city at height of power in 600. Had religious architecture aligned w/mountains and stars. Had Chinampas. No single ruler, instead ruled by elite families or puppet kings. Collapse through either fighting or conflict within.
"floating gardens" islands of muck heaped in lakes that permitted year-round agriculture to support population => art, trade.
in Cuatemala, Honduras, Belize and south Mexico. never unified politically, had rival kingdoms. Intensified agriculture, had cosmos of 3 layers, religious meaning in warfare, and a calendar. Many urban centers destroyed 800-900, from either warfare or trade disruption, social conflict over lack of food.
Central Mexico. Falsely credited with all achievements of Mesoamerican world. First conquest state based on military, with capitol Tula. Two kings ruled together, and empire declined after one of the kings, Topiltzin, was exiled.
After Toltecs. Originally serfs/mercenaries, then relocated to Lake Texcoco and built twin capitols. Fed large urban population by organizing clan labor and tribute system. A king had to prove his worth by conquest, and human sacrifice was large.
one of the Aztecs twin capitols on islands in Lake Texcoco that combined to become Mexico City. Other city was Tlatelolco.
tribute system
The Aztecs got 1/4 of the city's food from this, as well as cotton, military equip., jade and feathers, and sacrificial victims
Navajo term meaning "ancient ones" identifies similar desert cultures in Four Corners region. Economy based on maize, beans and squash; lived in underground buildings called kivas. Largest community was in Chaco Canyon.
In Mississippi, the hereditary leader had religious and secular duties. Example Cahokia.
system of knotted cords used for administration and tributes in Andean civilizations.
clan in Andean civilizations.
rotational labor draft in Andean civilizations that organized ayllu members to work for the royals, building roads, bridges, temples, irrigation, etc.
In Andean highlands, vast drainage projects/raised fields. Finely cut stone didn't need mortar. May have been precursor to Inca state. Small full time population, it was a ceremonial center.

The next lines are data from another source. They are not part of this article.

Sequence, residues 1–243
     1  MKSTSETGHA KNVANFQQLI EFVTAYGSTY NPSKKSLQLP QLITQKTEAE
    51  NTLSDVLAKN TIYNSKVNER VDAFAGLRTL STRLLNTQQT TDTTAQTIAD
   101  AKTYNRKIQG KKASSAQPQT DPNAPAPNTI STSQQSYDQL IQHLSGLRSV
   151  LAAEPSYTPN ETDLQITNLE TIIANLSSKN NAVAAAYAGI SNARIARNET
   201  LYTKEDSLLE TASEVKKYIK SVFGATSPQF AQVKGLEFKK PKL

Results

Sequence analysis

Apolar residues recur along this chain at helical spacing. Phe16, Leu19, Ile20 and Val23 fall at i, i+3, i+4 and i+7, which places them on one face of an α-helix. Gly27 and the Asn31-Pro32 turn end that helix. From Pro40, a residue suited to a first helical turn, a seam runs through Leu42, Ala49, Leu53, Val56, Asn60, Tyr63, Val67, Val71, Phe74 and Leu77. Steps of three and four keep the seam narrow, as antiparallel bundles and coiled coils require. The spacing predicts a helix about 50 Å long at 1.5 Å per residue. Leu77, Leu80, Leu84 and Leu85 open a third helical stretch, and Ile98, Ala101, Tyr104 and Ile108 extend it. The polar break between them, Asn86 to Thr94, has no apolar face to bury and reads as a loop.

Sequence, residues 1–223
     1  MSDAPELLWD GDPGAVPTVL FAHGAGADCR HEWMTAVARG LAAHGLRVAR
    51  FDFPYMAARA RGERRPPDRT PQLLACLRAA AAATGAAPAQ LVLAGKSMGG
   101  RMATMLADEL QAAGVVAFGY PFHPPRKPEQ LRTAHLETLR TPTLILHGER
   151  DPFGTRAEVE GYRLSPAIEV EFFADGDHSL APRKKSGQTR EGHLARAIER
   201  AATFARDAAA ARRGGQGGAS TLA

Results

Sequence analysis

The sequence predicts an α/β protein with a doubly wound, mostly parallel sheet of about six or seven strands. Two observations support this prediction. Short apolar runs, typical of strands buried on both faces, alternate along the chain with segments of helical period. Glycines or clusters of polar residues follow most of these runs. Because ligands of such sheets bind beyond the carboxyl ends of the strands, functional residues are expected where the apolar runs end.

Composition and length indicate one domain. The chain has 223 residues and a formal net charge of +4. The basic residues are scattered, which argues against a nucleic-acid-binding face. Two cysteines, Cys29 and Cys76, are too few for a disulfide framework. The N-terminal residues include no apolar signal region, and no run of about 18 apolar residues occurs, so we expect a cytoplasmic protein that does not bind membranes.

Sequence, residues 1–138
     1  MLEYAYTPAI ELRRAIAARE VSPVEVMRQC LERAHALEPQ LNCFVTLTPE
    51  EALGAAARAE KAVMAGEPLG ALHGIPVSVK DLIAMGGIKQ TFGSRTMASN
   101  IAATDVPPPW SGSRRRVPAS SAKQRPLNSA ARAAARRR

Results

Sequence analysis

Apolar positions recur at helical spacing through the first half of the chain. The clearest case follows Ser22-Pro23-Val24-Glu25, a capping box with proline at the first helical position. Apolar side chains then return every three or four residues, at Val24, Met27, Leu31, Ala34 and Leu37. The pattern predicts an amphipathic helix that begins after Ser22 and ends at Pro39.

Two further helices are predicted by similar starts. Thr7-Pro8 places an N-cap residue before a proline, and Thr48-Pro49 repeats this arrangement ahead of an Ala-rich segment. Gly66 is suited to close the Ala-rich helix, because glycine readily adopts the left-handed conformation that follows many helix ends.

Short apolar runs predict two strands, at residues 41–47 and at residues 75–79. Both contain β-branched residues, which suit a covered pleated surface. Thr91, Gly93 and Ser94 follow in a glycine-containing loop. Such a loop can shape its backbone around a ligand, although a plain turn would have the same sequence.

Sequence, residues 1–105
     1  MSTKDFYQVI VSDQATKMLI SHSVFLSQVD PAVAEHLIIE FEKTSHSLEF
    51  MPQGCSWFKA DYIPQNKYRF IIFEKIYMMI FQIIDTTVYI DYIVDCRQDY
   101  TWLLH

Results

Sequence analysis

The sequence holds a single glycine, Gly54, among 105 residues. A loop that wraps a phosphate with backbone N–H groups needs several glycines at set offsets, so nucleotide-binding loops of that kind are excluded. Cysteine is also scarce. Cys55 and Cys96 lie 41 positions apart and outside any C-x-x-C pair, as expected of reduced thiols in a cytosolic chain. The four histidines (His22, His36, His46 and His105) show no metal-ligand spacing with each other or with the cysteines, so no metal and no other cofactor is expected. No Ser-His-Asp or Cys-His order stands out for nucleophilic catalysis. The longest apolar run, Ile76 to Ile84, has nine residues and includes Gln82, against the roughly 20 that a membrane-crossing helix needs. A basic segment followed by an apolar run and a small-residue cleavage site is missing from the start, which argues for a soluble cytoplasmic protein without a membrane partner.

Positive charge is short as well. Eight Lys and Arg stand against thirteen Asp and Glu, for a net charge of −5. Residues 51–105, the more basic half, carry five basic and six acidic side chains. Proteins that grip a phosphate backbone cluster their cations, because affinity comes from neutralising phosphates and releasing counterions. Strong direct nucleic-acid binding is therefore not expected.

450 miles NW of Tiwanaku. May have been dependent on other empire, or joint empire. Both declined 1000 C.E.
"Land of Four Corners". In valley of Cuzco, they conquered to further vertical exchange system. Used llamas and alpacas. Inca roads(and everything) built on mit'a.Took hostages from conquered.
Conquered China and made an empire with specialized skills flourishing, high taxes, and trade markets expanded.
Genghis Khan
Temüjin, but name means Supreme Leader.
Gave rise to imperial expansion. Where menial work was done by slaves, food was by self-sufficiency and people depended on settled regions for grain, cotton and ironworking.
Yuan Empire
Founded by Khubilai Khan in 1271. Destroyed Southern Song and had superior bows.
bubonic plague
passed from Tang, to Mongol garrison, to central China, to caravans, to Europe and Egypt. Peace and trade gave rise to pandemic.
Golden Horde
(Kipchak Khanate) on Sarai on the Volga River. Muslim vs. Il-khan's non-muslimity.
(Tamerlane in Europe) in command of Jagadai and saw himself as new Genghis Khan. Sacked Dephi and defeated Ottoman Empire's sultan. Descendants couldn't hold empire together.
Rashid al-Din
Ghazan's prime minister who attempted first history of the world.
Nasir al-Din Tusi
laid foundations for new algebra and trig. Observatory built for him to solve cosmology problem.
Alexander Nevskii
prince of Novgorod persuaded submission to Mongols => were favored, along with son Daniel's town of Moscow.
from "ceasar". Ivan III, prince of Moscow, called himself this even though it had applied only to foreign rulers previously.
Ottoman Empire
Descended from Turkic nomads. Situated near Sea of Marma, meaning they involved in Byzantine and Muslim affairs. They emphasized religious and linguistic identity.
Khubilai Khan
Yuan Empire founder. Gave his oldest son a Chinese name, involved Confucianism, and convinced Buddhists and Daoists that he was on their side.
Buddhist priests from Tibet became popular with some rulers. Idea of militant universal ruler with the whole rule under Buddha's control.
Yuan capitol. Eastern terminus of caravan routes. Called Great Capitol (Dadu) or City of the Khan (khan-balikh /Cambaluc) w/Chinese styled walls, artificial islands and lakes made Forbidden City.
Ming Empire
1368-1500 Founded by monk/soldier/bandit Zhu Yuanzhang under name Hongwu.
imperial prince who seized power in Ming Dynasty. Enlarged the Forbidden City, moved capitol from Nanjing to Beijing, and restored commercial links with Middle East.
Zheng He
Muslim Chinese who traveled far by sea. Sponsored by Emperor Yongle.
Korean ruling kingdom that rejected Mongol period publicly, but retained their techniques. Also revived studying Confucian classics.
"wind of the Gods" in Japanese. Credited for driving away the Mongols in a typhoon when they attacked in 1281.
Ashikaga Shogunate
Shogunate that took control at Kyoto when Go-Diago led to civil war destroying Kamakura Shogunate. Had Zen Buddhism, Champa rice, water wheels, Sesshu Toyo, No theater. Competition between warlords made it a govt. in name only.